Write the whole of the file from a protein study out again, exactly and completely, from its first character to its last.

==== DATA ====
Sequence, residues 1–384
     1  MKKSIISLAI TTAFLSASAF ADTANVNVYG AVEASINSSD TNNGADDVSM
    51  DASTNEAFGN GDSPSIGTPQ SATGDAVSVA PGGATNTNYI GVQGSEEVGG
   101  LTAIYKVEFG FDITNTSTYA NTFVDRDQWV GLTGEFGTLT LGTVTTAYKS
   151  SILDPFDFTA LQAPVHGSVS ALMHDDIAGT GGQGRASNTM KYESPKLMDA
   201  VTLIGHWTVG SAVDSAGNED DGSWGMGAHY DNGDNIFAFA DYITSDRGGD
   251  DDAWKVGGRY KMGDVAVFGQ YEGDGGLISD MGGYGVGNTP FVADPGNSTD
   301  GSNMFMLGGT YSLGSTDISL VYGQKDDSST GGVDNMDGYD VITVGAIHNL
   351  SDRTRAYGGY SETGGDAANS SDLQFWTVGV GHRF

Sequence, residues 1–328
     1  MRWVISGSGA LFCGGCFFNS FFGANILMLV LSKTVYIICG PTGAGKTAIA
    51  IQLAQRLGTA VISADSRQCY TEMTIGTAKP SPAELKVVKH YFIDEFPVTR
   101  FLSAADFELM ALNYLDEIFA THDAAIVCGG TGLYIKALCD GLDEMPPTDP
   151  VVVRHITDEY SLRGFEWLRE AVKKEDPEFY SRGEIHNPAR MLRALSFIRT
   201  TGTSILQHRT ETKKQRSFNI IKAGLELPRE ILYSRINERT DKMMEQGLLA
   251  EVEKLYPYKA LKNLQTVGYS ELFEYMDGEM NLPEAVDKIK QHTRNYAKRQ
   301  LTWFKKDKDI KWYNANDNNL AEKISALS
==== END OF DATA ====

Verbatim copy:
Sequence, residues 1–384
     1  MKKSIISLAI TTAFLSASAF ADTANVNVYG AVEASINSSD TNNGADDVSM
    51  DASTNEAFGN GDSPSIGTPQ SATGDAVSVA PGGATNTNYI GVQGSEEVGG
   101  LTAIYKVEFG FDITNTSTYA NTFVDRDQWV GLTGEFGTLT LGTVTTAYKS
   151  SILDPFDFTA LQAPVHGSVS ALMHDDIAGT GGQGRASNTM KYESPKLMDA
   201  VTLIGHWTVG SAVDSAGNED DGSWGMGAHY DNGDNIFAFA DYITSDRGGD
   251  DDAWKVGGRY KMGDVAVFGQ YEGDGGLISD MGGYGVGNTP FVADPGNSTD
   301  GSNMFMLGGT YSLGSTDISL VYGQKDDSST GGVDNMDGYD VITVGAIHNL
   351  SDRTRAYGGY SETGGDAANS SDLQFWTVGV GHRF

Sequence, residues 1–328
     1  MRWVISGSGA LFCGGCFFNS FFGANILMLV LSKTVYIICG PTGAGKTAIA
    51  IQLAQRLGTA VISADSRQCY TEMTIGTAKP SPAELKVVKH YFIDEFPVTR
   101  FLSAADFELM ALNYLDEIFA THDAAIVCGG TGLYIKALCD GLDEMPPTDP
   151  VVVRHITDEY SLRGFEWLRE AVKKEDPEFY SRGEIHNPAR MLRALSFIRT
   201  TGTSILQHRT ETKKQRSFNI IKAGLELPRE ILYSRINERT DKMMEQGLLA
   251  EVEKLYPYKA LKNLQTVGYS ELFEYMDGEM NLPEAVDKIK QHTRNYAKRQ
   301  LTWFKKDKDI KWYNANDNNL AEKISALS